The Best Thing Ever to Have Come Out of Canada

Ian & Sylvia

If I were inventing a country off the top of my head, I bet it would look a lot like Canada. The landscape is beautiful, the weather perfect. Everyone has health care. The government did not ostentatiously bail out its banks in 2008. The citizens are kind beer-drinking sports fans who will give driving directions to random foreigners. They have quaint, almost absurd-sounding names for their money, which is emblazoned with images of waterfowl. There is a queen.

The Forever Young Percy Bysshe Shelley

Percy Bysshe Shelley

This hulking paperback, with its 250 pages of introduction, chronology, notes, appendices, acknowledgments, bibliography, and “online resources,” and goodness knows how many fragments, squibs, and variant readings, is all anyone will ever want of Shelley. Rather more than all, in fact. If one comes for Adonais, Alastor, “The Cloud,” “To a Skylark,” “Ode to the West Wind,” “The Invitation,” “Song to Pan,” and perhaps half a dozen others, plus fragments from some of the longer poems, one emphatically does not stay for “Feelings of a Republican on the Fall of Bonaparte” or all 617 excruciating lines of “Julian and Maddalo: A Conversation.”

An Open Letter to Hannah Horvath

Dear Hannah, I am not, in fact, the first person to write you a letter concerning the finale of the television show in which you are a fictional character, but I am almost certainly the only such correspondent whose t-shirt has been praised by your creator (she must be a big Dinosaur Jr. fan!). I am also, I would guess, the …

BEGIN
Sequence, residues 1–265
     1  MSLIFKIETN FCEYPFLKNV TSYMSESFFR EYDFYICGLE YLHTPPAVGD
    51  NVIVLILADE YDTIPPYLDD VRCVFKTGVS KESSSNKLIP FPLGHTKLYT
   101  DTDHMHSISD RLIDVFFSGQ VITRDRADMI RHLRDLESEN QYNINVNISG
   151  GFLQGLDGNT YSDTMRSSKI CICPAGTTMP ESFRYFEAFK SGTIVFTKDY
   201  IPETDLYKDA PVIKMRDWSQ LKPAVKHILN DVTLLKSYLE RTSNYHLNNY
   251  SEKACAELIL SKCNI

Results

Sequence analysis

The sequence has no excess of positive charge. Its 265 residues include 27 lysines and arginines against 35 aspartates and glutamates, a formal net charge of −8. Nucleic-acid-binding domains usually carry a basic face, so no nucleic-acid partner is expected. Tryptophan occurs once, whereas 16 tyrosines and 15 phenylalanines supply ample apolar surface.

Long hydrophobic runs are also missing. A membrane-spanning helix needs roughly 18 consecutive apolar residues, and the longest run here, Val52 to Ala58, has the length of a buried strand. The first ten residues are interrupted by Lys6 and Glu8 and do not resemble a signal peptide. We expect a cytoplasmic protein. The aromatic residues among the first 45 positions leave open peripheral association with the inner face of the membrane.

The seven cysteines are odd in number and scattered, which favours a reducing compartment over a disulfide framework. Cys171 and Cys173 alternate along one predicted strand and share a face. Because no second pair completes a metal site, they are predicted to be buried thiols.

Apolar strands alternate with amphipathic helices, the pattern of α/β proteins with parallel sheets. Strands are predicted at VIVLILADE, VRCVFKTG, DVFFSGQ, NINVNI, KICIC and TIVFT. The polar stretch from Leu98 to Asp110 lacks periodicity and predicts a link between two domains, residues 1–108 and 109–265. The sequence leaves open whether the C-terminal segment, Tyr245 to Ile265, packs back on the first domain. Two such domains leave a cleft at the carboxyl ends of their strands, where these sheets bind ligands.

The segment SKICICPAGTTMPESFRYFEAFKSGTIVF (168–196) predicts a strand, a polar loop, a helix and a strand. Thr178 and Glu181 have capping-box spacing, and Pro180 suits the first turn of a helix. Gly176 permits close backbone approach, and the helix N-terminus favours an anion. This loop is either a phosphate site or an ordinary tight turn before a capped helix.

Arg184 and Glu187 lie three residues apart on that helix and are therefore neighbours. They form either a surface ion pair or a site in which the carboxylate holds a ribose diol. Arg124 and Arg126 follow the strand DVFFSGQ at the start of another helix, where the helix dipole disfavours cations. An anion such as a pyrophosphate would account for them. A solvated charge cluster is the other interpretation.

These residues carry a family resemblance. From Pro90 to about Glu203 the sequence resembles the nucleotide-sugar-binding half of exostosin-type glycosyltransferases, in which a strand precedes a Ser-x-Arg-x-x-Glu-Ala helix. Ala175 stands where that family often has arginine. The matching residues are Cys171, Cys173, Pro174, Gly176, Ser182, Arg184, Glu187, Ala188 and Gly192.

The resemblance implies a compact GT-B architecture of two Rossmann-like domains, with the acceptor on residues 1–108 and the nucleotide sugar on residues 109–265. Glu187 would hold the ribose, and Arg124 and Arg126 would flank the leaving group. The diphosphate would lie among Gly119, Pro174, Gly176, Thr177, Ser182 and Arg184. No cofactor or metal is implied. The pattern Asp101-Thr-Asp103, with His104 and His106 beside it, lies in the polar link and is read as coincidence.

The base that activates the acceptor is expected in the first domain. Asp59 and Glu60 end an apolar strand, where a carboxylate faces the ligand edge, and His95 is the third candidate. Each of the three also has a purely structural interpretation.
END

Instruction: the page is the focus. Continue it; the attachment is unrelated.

A Trillion Mindless Robots Dancing

dancing robots

This very silly book begins with a confession. When Daniel Dennett was a graduate student at Oxford in the early ’60s—that benighted era of hayseed conceptualists and pettifogging mystics when, as he puts it, “philosophers weren’t expected to know about science”—his chief interest was not Plato or Kant or even dear old Freddie Ayer, but computers.

Of ICEEs, on their 50th and 59th Anniversaries

An ICEE is, among other things, high fructose corn syrup, water, citric acid, quillaia and yucca extracts, artificial flavor, sodium benzoate, and FD&C Red #40 or FD&C Red Blue #1 or FD&C Yellows #5 and #6, sometimes plus glyceryl abietate, brominated soybean oil (refined), beginning at approximately 24-26° F; it is cherry, white cherry, or cherry …

Sing a Song for Neil Gorsuch

If one had to choose an object to be struck with by the founder of a nonprofit organization denounced by the Southern Poverty Law Center as an anti-gay hate group, a homemade felt “Confirm Gorsuch” pennant would probably be near the top of the list. On a beautiful spring day in Washington, with a northerly wind playing on the cherries in full bloom, the banner hits the shoulder very softly, a little vernal puff of embarrassed decency. Besides, this was clearly an accident, and Eugene Delgaudio was quick to apologize.

Where Do Transwomen in Adidas Sweatshops Go to the Bathroom?; and Other Questions

As I write this, the top story on the website of the Washington Post appears—tellingly, I think—under the “Entertainment” tab: “How AP tallied the cost of North Carolina’s ‘bathroom bill.'” The un-bylined authors of the piece seem to believe that it is possible to determine the “cost”—a staggering $3.6 billion—of legislation decreeing that North Carolinian men use …

The Prospero of Theologians

This is the most varied and enchanting collection of essays that has appeared in my lifetime. I say “enchanting” deliberately because every one of these pages left me with the impression that enchantment, in the sense of having been sung to or charmed, is the effect David Bentley Hart appears most to have sought. These 50-odd pieces leave the reader not merely delighted but under a kind of spell.